I was really lucky and so I was working for the investor group doing the acquisitions, and then we hired a CEO, his name’s Jim Walker. He lives here in Colorado, and to this day is still a great mentor of mine. And Jim, when he came on board, I actually went to my boss and said, Hey, I’d like to go work for Jim. I knew I was going to take a big pay cut, but I wanted to go work for him just because I just, I loved his style. I knew that I would learn a lot from him. And so I originally joined a head up marketing strategy, and then I became the COO and then the president.

And that was all because of Jim and his tutelage in mentorship. And he was just an awesome human being, but also he taught me a lot and was kind enough and generous enough to put me in that position. But what was interesting, even when I was in those positions, I never felt like I was on my own. Jim was still the CEO, and Jim was a outstanding leader. He was there through 9-11 and through a lot of challenges in the business, and again, I learned a lot from him and I was very fortunate that he put me in that position.

Michael Mitchel:

Was there a moment during this time when you’re like, okay, I’m going to hit the C-suite?

Chris Younger:

Well, I know when I moved into the COO role, as the head of marketing and strategy, I probably had three or four folks that reported to me. So it was really, really small team. And obviously when I was running the deal team that was eight or nine folks that worked with me, then I went to managing about 4,000 people. And I certainly felt, yeah, I was anxious, right, but Jim purposely put my office right next to his. And so anytime I felt like, Hey, I’m definitely out over the tips of my skis on this, I would just go sit down with Jim and he would walk me through it and give me the advice that I needed. And as I reflect back, make a lot of mistakes, right, at that age in that role. But those are the things you learn from and how you develop and how you grow. I mean, that’s what I tell our team here is, unless you’re slightly nauseated from time to time at work, we’re probably not stretching you enough,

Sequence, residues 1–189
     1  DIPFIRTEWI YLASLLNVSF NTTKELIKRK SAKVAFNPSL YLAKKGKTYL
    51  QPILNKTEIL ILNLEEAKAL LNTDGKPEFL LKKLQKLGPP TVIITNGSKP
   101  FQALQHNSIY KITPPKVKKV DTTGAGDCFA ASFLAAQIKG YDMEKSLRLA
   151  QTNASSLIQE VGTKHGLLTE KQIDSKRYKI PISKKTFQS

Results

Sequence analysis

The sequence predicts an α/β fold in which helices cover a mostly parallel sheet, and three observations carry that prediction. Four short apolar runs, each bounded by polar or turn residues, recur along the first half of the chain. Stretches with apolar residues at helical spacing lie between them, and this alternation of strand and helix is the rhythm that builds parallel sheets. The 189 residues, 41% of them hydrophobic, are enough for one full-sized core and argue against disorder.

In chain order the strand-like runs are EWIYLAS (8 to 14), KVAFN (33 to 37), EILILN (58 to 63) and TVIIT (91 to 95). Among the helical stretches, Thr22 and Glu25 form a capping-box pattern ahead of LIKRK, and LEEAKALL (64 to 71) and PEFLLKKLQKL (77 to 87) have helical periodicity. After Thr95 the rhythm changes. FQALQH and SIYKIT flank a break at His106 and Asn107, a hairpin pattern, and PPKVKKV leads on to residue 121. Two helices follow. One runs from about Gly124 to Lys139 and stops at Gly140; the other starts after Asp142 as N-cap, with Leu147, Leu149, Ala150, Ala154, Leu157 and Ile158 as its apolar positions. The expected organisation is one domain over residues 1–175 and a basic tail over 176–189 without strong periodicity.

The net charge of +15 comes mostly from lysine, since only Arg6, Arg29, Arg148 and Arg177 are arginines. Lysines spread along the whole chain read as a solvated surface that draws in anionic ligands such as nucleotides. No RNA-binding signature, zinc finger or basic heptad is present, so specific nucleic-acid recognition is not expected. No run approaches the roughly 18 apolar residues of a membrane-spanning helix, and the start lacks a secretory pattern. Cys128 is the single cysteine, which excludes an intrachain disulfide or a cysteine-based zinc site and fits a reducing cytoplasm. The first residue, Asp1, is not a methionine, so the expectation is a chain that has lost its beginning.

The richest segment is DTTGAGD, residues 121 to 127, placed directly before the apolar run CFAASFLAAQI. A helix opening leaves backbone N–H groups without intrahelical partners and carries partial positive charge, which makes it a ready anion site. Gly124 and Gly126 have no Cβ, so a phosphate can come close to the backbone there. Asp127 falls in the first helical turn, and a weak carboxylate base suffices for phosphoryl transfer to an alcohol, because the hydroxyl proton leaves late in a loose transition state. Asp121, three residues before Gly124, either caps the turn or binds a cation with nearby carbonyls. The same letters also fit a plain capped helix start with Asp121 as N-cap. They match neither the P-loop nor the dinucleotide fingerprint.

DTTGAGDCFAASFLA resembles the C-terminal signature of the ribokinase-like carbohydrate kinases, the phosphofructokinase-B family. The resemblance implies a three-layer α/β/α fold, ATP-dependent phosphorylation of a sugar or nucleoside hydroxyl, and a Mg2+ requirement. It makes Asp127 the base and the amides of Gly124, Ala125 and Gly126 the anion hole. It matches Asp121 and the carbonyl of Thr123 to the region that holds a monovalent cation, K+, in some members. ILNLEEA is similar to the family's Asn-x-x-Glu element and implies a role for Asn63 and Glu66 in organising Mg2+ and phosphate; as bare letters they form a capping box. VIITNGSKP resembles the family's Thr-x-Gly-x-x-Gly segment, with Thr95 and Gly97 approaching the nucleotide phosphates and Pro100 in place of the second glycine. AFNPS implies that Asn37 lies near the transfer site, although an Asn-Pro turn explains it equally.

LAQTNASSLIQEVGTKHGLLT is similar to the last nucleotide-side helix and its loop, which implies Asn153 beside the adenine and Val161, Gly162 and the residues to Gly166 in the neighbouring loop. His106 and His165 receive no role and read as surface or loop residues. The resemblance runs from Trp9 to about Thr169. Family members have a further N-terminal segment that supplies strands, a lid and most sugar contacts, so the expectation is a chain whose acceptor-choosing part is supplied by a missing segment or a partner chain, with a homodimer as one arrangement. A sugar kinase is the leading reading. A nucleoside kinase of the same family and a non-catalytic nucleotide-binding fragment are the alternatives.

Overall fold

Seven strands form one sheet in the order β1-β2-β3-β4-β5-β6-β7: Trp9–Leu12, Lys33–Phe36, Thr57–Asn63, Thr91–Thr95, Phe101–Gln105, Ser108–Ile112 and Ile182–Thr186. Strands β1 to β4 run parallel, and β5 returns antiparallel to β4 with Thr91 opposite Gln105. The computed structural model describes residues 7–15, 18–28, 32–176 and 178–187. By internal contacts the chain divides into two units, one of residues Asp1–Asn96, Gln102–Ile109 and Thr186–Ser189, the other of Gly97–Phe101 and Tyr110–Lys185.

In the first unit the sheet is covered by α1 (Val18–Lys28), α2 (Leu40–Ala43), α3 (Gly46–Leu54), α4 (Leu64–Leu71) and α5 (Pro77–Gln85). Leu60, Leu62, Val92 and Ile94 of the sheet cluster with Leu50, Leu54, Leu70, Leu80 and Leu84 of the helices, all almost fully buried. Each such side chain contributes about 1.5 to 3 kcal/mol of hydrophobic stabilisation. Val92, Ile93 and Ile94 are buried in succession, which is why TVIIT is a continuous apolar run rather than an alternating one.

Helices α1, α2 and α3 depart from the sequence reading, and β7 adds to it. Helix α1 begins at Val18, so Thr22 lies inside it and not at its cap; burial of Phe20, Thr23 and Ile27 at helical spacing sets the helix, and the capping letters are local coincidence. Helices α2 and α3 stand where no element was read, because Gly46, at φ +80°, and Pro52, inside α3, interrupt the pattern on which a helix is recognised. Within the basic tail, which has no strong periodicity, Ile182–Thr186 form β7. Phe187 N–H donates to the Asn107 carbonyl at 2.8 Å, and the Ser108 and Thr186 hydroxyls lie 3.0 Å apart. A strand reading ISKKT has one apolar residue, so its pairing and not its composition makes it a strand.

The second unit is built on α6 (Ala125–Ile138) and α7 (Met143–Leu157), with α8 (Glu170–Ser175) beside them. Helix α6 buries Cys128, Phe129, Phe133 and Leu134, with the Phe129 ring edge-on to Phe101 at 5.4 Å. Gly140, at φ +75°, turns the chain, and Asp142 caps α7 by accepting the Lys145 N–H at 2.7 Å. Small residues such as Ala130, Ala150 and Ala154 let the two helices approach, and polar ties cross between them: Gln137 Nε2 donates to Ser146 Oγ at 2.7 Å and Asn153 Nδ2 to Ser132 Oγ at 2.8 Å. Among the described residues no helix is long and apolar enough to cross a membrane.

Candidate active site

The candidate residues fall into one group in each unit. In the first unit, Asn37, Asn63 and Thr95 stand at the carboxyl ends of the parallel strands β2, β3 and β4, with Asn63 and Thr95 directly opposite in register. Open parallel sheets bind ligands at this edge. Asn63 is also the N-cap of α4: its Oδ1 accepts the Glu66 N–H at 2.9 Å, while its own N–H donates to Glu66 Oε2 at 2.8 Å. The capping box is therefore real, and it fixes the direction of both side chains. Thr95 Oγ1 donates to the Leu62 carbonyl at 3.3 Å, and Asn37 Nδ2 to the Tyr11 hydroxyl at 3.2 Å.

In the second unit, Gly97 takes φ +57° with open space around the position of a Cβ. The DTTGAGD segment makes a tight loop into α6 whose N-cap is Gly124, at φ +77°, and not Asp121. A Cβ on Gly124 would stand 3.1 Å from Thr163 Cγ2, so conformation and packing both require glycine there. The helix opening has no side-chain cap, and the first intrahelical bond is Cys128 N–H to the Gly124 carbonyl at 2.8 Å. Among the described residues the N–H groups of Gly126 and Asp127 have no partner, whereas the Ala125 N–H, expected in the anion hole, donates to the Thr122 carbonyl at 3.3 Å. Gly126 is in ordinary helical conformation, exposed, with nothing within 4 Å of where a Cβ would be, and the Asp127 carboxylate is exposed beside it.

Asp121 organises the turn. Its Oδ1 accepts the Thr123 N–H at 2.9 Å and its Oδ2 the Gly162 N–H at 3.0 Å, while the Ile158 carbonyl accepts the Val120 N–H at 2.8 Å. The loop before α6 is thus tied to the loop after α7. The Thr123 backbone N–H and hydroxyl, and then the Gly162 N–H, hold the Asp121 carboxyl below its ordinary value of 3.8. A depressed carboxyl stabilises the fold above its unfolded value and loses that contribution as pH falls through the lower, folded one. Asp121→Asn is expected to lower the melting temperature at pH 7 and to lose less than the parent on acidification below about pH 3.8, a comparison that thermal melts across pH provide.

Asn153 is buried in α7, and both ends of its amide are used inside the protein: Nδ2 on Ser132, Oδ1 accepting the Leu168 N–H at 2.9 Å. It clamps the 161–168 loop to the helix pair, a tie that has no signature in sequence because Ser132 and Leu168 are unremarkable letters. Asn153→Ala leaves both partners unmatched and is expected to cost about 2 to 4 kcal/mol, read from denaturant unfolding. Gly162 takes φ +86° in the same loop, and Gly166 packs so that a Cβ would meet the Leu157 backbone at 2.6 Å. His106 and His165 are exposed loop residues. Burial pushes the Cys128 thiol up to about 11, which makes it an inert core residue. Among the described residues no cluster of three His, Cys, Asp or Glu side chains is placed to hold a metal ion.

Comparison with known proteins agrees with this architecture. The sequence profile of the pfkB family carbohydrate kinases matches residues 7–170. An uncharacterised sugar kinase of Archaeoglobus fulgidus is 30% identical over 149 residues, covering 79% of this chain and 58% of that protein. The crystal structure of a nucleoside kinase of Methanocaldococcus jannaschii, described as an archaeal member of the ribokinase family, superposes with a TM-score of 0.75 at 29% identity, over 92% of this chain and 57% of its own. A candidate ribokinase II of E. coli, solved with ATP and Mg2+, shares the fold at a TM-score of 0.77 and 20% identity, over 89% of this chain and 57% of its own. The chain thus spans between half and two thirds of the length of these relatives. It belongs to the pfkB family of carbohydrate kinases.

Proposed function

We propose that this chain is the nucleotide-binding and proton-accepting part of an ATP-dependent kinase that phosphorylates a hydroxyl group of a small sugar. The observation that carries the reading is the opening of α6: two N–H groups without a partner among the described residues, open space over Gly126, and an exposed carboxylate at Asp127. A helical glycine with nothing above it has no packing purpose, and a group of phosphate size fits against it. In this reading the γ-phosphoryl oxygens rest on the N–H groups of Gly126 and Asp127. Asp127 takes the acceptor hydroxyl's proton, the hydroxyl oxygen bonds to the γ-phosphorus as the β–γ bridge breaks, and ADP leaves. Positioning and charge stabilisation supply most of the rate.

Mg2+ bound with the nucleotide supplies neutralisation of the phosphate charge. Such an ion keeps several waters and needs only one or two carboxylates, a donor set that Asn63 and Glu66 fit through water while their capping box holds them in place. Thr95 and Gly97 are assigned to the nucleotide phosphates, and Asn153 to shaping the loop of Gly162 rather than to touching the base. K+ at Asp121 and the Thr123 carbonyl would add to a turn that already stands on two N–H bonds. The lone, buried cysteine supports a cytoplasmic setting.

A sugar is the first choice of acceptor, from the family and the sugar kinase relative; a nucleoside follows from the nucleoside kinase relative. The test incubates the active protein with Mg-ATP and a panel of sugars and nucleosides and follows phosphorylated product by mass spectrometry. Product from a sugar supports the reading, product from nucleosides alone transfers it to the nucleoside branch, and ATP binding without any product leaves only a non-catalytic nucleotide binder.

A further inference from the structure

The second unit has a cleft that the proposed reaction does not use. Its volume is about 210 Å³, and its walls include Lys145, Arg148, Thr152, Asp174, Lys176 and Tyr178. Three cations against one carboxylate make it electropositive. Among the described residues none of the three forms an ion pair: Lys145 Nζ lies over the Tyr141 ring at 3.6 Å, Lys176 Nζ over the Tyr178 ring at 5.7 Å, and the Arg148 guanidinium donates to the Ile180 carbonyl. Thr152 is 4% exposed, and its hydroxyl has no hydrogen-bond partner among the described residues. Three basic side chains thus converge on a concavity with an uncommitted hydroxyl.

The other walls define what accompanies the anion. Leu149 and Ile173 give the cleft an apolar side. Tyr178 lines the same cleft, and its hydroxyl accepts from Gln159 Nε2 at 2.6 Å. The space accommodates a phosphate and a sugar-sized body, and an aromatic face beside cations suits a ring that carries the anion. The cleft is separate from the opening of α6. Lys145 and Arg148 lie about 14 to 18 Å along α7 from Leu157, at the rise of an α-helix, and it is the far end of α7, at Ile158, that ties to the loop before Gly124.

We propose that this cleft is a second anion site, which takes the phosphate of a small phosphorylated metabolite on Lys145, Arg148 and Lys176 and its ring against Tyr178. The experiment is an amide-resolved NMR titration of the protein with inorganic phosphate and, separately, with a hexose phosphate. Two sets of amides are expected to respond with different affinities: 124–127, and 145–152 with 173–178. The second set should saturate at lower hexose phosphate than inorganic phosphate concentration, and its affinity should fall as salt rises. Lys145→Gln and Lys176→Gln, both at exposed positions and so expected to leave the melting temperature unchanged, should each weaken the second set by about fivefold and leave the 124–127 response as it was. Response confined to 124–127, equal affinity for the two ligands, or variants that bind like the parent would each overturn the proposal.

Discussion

Michael Mitchel:

Right. If you’re comfortable, you’re not doing,

Chris Younger:

For sure.

Michael Mitchel:

You’re not doing something right.

Chris Younger:

For sure.

Michael Mitchel:

You’re not trying hard enough.

Chris Younger:

Yeah. And we want, I’m a big believer here. Right. I would much rather clean up broken glass than have to push someone. And that’s something that Jim taught me.

Michael Mitchel:

I’m also asked for forgiveness rather than permission kind of guy.

Chris Younger:

Yeah. And that’s the type of folks we want on our team, right, is, Hey, we’re hiring talented people with the right intention and the right motivation. Let them run. And yeah, they’re going to make some mistakes, but that’s inevitably how you learn and how you grow and how you develop.

Michael Mitchel:

Yeah. If someone’s like, well, I don’t make any mistakes. I’m like, well, you’re not learning.

Chris Younger:

For sure.

Michael Mitchel:

If you’ve never been fired from something, you didn’t learn anything,

Chris Younger:

Right. Right.

Michael Mitchel:

And we’ve all been fired. And so if you tell me, I’ve never been fired, I’ve said this before on the podcast, if you tell me you’ve never been fired, either you’re lying or you’re not trying hard enough, you’re not learning.

Chris Younger: